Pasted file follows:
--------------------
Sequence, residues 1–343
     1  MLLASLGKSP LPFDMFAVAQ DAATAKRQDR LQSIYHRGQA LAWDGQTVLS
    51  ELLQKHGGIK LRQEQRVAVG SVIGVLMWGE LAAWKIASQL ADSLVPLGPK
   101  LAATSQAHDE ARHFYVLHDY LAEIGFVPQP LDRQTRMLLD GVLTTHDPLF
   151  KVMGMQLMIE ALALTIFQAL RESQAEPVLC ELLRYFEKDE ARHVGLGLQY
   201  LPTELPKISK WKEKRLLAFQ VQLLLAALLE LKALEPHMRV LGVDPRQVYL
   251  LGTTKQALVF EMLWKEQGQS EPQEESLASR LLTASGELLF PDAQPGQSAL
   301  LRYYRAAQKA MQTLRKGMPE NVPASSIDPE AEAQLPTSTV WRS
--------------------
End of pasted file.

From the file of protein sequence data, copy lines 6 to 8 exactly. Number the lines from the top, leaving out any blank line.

   201  LPTELPKISK WKEKRLLAFQ VQLLLAALLE LKALEPHMRV LGVDPRQVYL
   251  LGTTKQALVF EMLWKEQGQS EPQEESLASR LLTASGELLF PDAQPGQSAL
   301  LRYYRAAQKA MQTLRKGMPE NVPASSIDPE AEAQLPTSTV WRS